The mandate of the Councils has come to an end and this is the right time for me to unveil my candidature. My politics is not that of deception. I have a manifesto with tangible outputs that reflect the realities on the ground in present day Banjul and how to address them. As such, there is no need to beat the gun as if I am in a stiff competition. Every Gambian has the right to contest the Mayoral seat, but I can assure you that I am the first among equals and this will come to light on the day of reckoning.
Do you think you can deliver the job as Mayor, because Banjul is the capital city and it is very important?
If I can’t deliver then why aspire to become mayor! I know the intricacies of Banjul politics and the issues confronting our city. I also have a team of competent people who are willing to work with me and my councilors and together with a competent administration, we can make a difference. The new thinking in management is de-congestion and de-concentration of tasks for maximum positive results. If you have the right people and the resources you can effect sustainable development.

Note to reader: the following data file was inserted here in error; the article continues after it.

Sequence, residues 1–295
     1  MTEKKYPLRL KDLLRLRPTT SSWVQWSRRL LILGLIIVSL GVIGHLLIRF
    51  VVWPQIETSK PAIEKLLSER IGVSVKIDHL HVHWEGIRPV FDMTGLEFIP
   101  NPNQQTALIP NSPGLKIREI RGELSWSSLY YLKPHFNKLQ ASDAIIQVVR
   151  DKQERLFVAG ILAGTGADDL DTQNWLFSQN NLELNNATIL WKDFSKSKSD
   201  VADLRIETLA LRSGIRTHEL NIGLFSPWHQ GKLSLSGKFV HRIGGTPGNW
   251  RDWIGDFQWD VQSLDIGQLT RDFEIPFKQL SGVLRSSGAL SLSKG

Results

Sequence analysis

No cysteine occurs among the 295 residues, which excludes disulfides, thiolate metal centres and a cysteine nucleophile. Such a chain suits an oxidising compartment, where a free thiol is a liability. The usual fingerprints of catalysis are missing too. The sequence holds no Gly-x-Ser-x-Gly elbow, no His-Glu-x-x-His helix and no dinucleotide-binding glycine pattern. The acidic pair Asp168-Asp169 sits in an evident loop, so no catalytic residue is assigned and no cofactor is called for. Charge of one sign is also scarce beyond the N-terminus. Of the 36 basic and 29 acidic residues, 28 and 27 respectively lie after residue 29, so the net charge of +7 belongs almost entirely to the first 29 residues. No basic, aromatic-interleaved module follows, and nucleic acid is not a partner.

You cannot fail. I know I have the support base to impact on the development of Banjul. The icing on the cake is that I will be working with a government in a new democratic dispensation that has the interest of the people and the country at heart. We (local authorities) are the mirror of central government. As much as we need them they also need us. The operative modus operandi therefore is “render unto Caesar the things that are Caesar’s and to God the things that are God’s”. Within the decentralization framework of the government the councils should be able to deliver the goods as required by the electorate.